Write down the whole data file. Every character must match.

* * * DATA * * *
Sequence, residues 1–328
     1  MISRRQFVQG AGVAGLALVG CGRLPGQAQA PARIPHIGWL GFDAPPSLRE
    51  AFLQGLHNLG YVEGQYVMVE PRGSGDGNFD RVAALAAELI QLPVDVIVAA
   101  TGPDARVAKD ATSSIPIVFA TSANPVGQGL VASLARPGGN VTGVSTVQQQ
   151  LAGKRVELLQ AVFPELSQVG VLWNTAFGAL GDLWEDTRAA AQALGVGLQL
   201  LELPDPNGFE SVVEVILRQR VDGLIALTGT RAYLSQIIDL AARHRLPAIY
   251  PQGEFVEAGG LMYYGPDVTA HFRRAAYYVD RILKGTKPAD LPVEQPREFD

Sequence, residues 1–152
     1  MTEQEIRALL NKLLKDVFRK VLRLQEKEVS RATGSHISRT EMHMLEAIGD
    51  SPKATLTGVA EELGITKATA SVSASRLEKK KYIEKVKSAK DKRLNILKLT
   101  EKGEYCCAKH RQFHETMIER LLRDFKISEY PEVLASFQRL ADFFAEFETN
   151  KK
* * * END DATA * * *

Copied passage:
Sequence, residues 1–328
     1  MISRRQFVQG AGVAGLALVG CGRLPGQAQA PARIPHIGWL GFDAPPSLRE
    51  AFLQGLHNLG YVEGQYVMVE PRGSGDGNFD RVAALAAELI QLPVDVIVAA
   101  TGPDARVAKD ATSSIPIVFA TSANPVGQGL VASLARPGGN VTGVSTVQQQ
   151  LAGKRVELLQ AVFPELSQVG VLWNTAFGAL GDLWEDTRAA AQALGVGLQL
   201  LELPDPNGFE SVVEVILRQR VDGLIALTGT RAYLSQIIDL AARHRLPAIY
   251  PQGEFVEAGG LMYYGPDVTA HFRRAAYYVD RILKGTKPAD LPVEQPREFD

Sequence, residues 1–152
     1  MTEQEIRALL NKLLKDVFRK VLRLQEKEVS RATGSHISRT EMHMLEAIGD
    51  SPKATLTGVA EELGITKATA SVSASRLEKK KYIEKVKSAK DKRLNILKLT
   101  EKGEYCCAKH RQFHETMIER LLRDFKISEY PEVLASFQRL ADFFAEFETN
   151  KK